Tyrant’s Foe: A Voice of Hope For Prisoners


A version of this story ran in the February 2014 issue.

Katherine Griffin, host of The Prison Show on Houston’s KPFT, opened the first show of 2014 with typical positivity. “As long as you’re breathing you have a shot at this thing,” she declared to the many inmates and their families who tune in each Friday night, her natural optimism discernable over the airwaves. “It don’t stop ’til the casket drop.”

It was the kind of encouraging sentiment you often hear on The Prison Show, started in 1980 and hosted, until his retirement last year, by local prisoners-rights activist Ray Hill. Hill said he hand-picked Griffin to succeed him because of her charisma and natural flair as a singer and entertainer. Griffin’s father, Ed Townsend, was a music producer who co-wrote songs with Marvin Gaye. Perhaps more important, Griffin, like Hill, is an ex-con.

Griffin, 53, was born in Inglewood, California, and grew up in Heidelberg, Mississippi. She received a scholarship to Texas Southern University when she was just 16 and relocated to Houston. But as a teen on her own in a major city, she began living a fast lifestyle. She went on dates with wealthy, older men who introduced her to exchanging sex for money. She soon descended into a life of prostitution and drug addiction.

“I was a juvenile living in an adult world,” Griffin said. “My childhood and innocence was stolen, and it made me want to rush and grow up real fast.”

Griffin began cycling through the criminal justice system but found little help from a monolithic Texas penal system that seemed uninterested in treating her addictions or the traumas she experienced. “Nobody was allowing me to address … the rapes, it was all about drugs, drugs, drugs,” Griffin said of her $30,000-a-month cocaine addiction. “I couldn’t get sober.”

She found the way out through a then-experimental Harris County drug court program, and has now, for over a decade, helped rehabilitate other women through her own nonprofit, We’ve Been There, Done That. Griffin is also the lead recovery coach at the Harris County Sheriff’s Office. Her nonprofit operates on a $40,000 annual budget, but Griffin said she often pays for clients’ temporary lodging, clothing and food out of her own pocket.

Through her efforts with various programs like Volunteers of America, Griffin said she’s overseen the rehabilitation of 400 former prostitutes. Offenders sentenced to prostitution recovery programs often work with Griffin for years past their release.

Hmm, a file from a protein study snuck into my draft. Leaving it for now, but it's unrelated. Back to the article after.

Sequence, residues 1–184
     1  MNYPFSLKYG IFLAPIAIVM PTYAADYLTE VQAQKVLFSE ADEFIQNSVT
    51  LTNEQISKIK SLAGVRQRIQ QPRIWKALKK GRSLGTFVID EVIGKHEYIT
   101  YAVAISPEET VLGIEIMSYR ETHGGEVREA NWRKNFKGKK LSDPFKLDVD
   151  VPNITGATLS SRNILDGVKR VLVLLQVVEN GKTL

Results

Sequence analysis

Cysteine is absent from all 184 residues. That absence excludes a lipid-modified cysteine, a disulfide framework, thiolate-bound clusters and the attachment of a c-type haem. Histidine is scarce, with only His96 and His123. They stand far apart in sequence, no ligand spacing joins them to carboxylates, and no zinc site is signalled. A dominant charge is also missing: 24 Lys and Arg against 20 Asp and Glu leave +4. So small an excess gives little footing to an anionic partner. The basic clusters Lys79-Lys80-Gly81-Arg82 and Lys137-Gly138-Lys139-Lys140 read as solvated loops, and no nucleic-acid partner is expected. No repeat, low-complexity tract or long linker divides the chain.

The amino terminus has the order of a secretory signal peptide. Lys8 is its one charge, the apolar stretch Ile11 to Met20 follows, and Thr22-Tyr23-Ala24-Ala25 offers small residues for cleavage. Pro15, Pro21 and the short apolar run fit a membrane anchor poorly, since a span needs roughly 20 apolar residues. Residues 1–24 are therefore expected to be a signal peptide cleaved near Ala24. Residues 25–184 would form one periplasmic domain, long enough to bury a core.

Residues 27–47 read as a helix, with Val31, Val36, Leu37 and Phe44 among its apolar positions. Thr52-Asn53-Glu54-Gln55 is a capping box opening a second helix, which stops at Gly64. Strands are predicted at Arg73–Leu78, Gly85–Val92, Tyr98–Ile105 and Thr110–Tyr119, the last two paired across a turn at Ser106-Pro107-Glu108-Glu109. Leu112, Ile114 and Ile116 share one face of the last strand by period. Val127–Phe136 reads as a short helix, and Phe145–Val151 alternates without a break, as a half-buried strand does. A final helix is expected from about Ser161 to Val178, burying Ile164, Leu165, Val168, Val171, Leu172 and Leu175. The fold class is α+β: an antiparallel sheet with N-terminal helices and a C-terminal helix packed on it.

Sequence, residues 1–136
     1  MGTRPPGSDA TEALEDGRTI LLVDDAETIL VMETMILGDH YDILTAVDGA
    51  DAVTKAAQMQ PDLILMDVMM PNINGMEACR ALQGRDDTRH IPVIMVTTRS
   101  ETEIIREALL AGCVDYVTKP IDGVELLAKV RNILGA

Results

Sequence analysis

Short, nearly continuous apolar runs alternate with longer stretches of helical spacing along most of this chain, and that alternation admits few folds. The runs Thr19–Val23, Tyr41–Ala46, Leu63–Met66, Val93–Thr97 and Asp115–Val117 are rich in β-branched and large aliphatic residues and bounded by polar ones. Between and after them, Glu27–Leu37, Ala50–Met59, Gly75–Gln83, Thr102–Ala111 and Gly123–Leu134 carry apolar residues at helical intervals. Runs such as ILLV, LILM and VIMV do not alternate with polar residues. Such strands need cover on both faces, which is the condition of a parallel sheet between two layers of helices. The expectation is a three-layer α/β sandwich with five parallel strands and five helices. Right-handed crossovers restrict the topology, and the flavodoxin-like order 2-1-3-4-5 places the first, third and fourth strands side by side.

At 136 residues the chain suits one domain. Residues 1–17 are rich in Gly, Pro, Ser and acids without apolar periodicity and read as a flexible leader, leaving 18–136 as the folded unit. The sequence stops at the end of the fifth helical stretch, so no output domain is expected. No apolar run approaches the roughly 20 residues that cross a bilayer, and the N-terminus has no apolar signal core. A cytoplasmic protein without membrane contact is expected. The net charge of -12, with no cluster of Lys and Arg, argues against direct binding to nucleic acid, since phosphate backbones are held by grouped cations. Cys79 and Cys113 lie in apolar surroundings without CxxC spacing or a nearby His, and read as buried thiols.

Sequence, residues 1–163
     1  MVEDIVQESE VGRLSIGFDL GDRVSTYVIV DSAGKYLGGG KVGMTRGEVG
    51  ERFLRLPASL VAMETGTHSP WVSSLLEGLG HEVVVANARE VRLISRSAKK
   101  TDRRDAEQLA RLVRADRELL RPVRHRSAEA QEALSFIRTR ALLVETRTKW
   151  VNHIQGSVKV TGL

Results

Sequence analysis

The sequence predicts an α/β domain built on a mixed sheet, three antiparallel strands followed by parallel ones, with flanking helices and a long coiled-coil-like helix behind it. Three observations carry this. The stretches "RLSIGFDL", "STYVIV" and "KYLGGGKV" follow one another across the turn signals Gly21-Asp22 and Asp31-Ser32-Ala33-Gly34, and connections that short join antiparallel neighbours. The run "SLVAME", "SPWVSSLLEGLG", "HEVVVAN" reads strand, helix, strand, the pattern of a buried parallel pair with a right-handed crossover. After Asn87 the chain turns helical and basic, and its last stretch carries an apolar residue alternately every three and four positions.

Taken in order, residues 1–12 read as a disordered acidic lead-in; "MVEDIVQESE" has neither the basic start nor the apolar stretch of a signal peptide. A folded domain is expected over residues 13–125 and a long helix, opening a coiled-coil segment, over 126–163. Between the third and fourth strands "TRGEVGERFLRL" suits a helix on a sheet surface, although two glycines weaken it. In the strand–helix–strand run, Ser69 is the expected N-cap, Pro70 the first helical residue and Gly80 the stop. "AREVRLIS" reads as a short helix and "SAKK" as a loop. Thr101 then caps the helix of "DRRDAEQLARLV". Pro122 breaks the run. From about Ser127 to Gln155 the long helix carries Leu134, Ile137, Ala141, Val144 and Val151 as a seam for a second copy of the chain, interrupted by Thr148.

“It can take up to four years to get retrained to live a productive, tax-paying, American life,” Griffin said.

The work Griffin does on The Prison Show provides a more ephemeral kind of catharsis for inmates who tune in, but it’s no less important.

“Little babies sing songs to their fathers,” Griffin said. “It’s just an awesome, beautiful experience.”

Though Texas devotes hundreds of millions to imprisoning its citizens, the state has often been reluctant to improve conditions within the penal system. A series of federal court rulings in the infamous Ruiz v. Estelle lawsuit improved conditions in Texas prisons starting in 1980, though until 2006 Texas prisons weren’t compelled to provide inmates access to pay phones. Excerpts from The Prison Show were used as testimony during public hearings on the legislation that required the phones.

The program, now in its 34th year on the air, is poignant not because calls from families reveal a secret dialogue between the free world and inmates, Griffin pointed out, but because the messages sent to the men and women in lockup are often stories of everyday life.

Loved ones don’t just phone in to relay brief salutations or fraught declarations of love. Rather, callers easily slip into meandering accounts of the mundane. The one-sided conversations feel as though they’re taking place in living rooms or on front porches.

“The family members that call in, a lot of them are elders … a lot of them aren’t able to afford to go travel because they’re so far from where loved ones are housed,” Griffin said.

One woman from North Carolina called in during the Jan. 4 broadcast to relay news to a Polunsky Unit inmate in Livingston of a pet’s visit to the vet. “[The dog’s] surgery went well,” the caller named Bella said to inmate Jedediah. “I wish you could have seen her when I first got to the vet and they let her out… she was crying and crying like she hadn’t seen me in 100 years.”

For Griffin, it was just another night of bringing prisoners a slice of the free world.